Section 13c of the German VAT Act provides that the acquirer of a receivable which includes value added tax, e.g. trade receivables, lease receivables and telephone receivables, becomes liable for the payment of such VAT if the purchaser of the receivables receives the payments from the relevant receivables and the seller of the relevant receivables does not pay the VAT included in the relevant receivables to the relevant tax authorities.

However, according to Section 13c Para. 1 of the Decree  regarding the Application of the German VAT Act (Umsatzsteueranwendungserlass), issued by the German Federal Ministry of Finance and based on a Circular of 24 May 2004 of the German Federal Ministry of Finance, it has been the practice in the German factoring and securitisation market to hold that such Section 13c of the German VAT Act shall not apply to the extent that the acquirer of the relevant receivable has paid a purchase price to the seller thereof, which the seller is entitled to keep and which is paid on an account to which the acquirer has no access. Of course, such a rule left open a liability risk for the portion of any discounts applied to the nominal amount when calculating the purchase price for the relevant receivables, but at least it mitigated such liability risk.

In its decision of 16 December 2015 the BFH had to decide a case where a factoring company purchased receivables and assumed the credit risk in relation to the debtors from the seller, paid the seller 80% of the nominal amount as non-refundable purchase price upfront and the remaining 20% later after receipt of payment by the debtors, minus fees and commissions. The seller went into insolvency and did not pay the VAT portions contained in the relevant receivables. The competent tax authority turned to the factoring company and claimed payment of the relevant VAT from the factoring company. The factoring company lodged legal remedies, but the BFH ultimately decided that the factoring company is liable to pay such VAT to the competent tax authority.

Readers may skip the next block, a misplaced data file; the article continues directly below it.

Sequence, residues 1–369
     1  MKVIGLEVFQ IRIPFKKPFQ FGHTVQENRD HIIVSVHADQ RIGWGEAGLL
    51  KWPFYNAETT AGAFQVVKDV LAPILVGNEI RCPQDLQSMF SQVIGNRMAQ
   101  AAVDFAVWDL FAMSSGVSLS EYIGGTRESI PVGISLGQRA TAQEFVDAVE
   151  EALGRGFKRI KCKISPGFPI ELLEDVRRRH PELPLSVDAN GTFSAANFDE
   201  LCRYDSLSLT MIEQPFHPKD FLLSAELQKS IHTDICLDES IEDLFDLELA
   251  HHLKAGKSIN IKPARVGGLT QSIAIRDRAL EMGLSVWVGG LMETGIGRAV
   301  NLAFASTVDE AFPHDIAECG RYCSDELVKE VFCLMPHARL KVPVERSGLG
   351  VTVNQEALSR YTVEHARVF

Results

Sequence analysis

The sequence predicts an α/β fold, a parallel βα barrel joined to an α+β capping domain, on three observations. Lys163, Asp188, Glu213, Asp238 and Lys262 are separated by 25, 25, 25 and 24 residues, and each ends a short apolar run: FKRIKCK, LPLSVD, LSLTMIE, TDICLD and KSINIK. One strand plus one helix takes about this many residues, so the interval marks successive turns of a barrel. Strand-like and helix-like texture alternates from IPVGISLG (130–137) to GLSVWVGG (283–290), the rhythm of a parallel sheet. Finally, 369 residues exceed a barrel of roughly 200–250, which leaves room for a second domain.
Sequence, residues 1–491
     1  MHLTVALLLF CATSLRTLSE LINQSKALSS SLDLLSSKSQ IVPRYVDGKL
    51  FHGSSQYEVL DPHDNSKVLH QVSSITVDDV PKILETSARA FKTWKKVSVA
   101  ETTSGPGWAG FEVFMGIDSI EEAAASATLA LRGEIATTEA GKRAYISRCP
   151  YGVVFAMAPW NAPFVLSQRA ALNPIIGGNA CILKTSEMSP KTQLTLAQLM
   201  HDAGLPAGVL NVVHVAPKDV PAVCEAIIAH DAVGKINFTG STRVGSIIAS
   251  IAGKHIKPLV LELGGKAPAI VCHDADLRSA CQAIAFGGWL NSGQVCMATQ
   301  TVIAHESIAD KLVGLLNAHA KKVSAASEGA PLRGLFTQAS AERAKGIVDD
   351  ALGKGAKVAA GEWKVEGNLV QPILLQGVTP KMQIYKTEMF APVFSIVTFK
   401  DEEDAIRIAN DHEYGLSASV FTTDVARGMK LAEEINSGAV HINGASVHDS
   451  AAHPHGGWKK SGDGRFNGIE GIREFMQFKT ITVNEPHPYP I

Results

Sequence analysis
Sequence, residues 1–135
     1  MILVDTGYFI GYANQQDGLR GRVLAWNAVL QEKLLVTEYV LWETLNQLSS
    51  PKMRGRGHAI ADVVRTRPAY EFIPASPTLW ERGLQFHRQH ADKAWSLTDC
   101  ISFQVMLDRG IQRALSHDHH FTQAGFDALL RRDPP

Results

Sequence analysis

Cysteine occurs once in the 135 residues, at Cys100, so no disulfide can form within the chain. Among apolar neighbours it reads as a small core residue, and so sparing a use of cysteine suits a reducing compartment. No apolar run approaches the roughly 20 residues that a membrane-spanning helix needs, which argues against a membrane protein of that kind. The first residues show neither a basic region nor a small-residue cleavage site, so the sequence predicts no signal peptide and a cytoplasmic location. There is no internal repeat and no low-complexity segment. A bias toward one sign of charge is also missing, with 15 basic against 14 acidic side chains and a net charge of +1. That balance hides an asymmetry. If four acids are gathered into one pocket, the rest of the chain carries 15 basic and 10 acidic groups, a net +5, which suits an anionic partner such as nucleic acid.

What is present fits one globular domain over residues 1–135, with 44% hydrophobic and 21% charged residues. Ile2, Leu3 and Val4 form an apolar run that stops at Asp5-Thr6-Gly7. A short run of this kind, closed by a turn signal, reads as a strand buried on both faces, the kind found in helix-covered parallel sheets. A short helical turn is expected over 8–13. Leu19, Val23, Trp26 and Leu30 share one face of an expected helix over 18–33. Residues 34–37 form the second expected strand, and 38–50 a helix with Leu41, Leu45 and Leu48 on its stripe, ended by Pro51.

The BFH also held that the payment of the purchase price for  the receivables by the factoring company to the seller was of no relevance and that the above mentioned Decree regarding the Application of the German VAT Act (Umsatzsteueranwendungserlass) is only an internal rule applicable within the tax administration but is not binding on German courts.

With reference to the regulations of the German VAT Act, the BFH proposed as a remedy, that the factoring company should pay directly the respective VAT portion of the receivable to the competent tax authority. Only the purchase price remaining after deduction of the VAT portion should be paid to the relevant seller. However, such a route would make factoring and securitisation transactions in Germany more complicated. If parties would choose not to use the route proposed by the BFH, the acquirer of trade receivables must at least closely monitor, during the lifetime of the relevant transaction, that the seller of the receivables duly complies with its VAT payment obligations. In order to achieve such monitoring appropriate provisions need to be included into the relevant asset purchase documentation.